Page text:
FRONTLINE/WORLD . Liberia - No More War . Who's Who in Liberia's Fragile Peace and Former Conflict . Flash Version | PBS
Frontline World

Liberia - No More War, May 2005


Related Features THE STORY
Synopsis of "No More War"

WHO'S WHO?
Interactive Feature: In Conflict and in Peace

REPORTER'S SLIDESHOW
Keeping the Peace

BEHIND THE SCENES
Two Opinions on the Mission in Liberia

LIBERIA'S HISTORIC TIES TO THE U.S.
Similar Flags and Shared History

FACTS & STATS
Land and People, History and Government, Effects of War, Economy

LINKS & RESOURCES
Background, News, United Nations, Child Soldiers

MAP OF THE REGION

WATCH
Streaming video

REACT TO THIS STORY
Is the U.N. an effective peacekeeping operation? react

   



The murder and mayhem that marked Liberia's 14-year-long civil war ended in the summer of 2003 when Charles Taylor was forced out by international pressure and the rebel forces descended upon Monrovia, the capital city. More than 150,000 Liberians lost their lives as a tide of weapons, fighters and refugees flowed back and forth across borders, spreading violence throughout the West African region. The two rebel groups that ousted Taylor, Liberians United for Reconciliation and Democracy (LURD) and Movement for Democracy in Liberia (MODEL), had support from Liberia's neighbors. Taylor is wanted on war crimes, charged with fueling atrocities in Sierra Leone's civil war.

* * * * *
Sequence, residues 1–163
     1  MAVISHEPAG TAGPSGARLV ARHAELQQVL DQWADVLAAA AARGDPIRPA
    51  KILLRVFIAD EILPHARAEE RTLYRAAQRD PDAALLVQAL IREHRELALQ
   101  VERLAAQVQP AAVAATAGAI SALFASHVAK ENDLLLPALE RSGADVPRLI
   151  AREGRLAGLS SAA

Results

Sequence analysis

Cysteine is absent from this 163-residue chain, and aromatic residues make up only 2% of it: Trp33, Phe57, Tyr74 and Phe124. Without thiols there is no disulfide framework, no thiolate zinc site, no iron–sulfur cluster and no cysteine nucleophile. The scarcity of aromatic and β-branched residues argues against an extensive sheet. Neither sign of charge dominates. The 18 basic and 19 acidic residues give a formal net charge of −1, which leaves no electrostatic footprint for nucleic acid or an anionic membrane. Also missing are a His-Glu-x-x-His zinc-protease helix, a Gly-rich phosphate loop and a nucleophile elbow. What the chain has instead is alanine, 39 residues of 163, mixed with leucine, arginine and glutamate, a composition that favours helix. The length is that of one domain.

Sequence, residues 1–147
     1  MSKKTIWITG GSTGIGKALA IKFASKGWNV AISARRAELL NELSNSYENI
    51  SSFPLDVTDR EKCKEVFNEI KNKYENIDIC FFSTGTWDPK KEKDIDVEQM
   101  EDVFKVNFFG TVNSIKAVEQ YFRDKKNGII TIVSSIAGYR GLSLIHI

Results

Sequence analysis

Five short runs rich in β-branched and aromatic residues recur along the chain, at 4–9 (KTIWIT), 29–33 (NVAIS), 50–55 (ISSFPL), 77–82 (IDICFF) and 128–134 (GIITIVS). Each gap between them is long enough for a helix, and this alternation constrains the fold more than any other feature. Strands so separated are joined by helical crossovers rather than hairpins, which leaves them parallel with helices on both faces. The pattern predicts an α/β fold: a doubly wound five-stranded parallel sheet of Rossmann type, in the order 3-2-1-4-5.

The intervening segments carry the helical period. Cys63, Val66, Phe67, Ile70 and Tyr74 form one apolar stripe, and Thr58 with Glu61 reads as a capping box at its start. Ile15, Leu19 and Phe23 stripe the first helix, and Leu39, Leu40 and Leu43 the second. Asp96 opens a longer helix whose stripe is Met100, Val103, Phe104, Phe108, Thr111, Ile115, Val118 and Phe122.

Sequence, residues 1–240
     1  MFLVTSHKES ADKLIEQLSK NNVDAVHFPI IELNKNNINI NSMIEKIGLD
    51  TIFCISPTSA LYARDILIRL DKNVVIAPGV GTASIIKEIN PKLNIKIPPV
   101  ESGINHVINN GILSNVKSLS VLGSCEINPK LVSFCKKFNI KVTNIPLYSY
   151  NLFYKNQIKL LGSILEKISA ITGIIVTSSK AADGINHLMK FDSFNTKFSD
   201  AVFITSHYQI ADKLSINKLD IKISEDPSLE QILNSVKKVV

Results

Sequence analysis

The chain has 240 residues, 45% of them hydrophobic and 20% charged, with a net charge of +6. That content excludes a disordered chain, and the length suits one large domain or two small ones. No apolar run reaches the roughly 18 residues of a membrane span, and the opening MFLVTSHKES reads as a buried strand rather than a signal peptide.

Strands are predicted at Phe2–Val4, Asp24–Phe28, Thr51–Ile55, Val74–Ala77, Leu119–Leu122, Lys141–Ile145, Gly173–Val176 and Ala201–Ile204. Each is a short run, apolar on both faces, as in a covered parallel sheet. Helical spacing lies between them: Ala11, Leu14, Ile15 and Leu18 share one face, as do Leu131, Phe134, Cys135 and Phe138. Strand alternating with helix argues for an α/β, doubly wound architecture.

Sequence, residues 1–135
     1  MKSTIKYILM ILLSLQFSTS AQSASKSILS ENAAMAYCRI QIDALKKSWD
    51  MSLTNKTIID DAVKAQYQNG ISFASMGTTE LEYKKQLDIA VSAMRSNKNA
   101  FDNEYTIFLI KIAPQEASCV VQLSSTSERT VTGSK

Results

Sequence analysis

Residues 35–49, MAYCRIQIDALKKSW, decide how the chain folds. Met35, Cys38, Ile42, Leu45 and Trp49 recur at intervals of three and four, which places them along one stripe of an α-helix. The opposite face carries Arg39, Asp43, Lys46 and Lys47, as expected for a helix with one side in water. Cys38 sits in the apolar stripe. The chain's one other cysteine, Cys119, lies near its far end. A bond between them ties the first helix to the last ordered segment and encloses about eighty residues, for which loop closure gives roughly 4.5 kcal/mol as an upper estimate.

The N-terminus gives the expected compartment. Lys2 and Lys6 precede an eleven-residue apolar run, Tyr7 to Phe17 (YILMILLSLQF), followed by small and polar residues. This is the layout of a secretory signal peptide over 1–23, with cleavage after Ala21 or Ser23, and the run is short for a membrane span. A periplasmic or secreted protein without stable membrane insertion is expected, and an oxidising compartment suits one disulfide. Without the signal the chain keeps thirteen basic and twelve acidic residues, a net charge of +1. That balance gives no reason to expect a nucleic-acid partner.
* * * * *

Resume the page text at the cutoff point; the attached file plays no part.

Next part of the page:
The Economic Community of West African States (ECOWAS) brokered a Liberian peace in August 2003, and the United Nations took over, disarming combatants, reuniting child soldiers with their families and working to maintain stability as the country prepares for a historic election in October 2005.

This FRONTLINE/World interactive feature lays out the relationships among the factions, the countries and the organizations that waged a vicious war, forged a delicate peace, and will play a role in shaping the future of Liberia. Roll your cursor over the different actors to see how they interact with one another. Then click on the title cards to read more about the forces in play in Liberia.


Researched and written by Zachary K. Johnson

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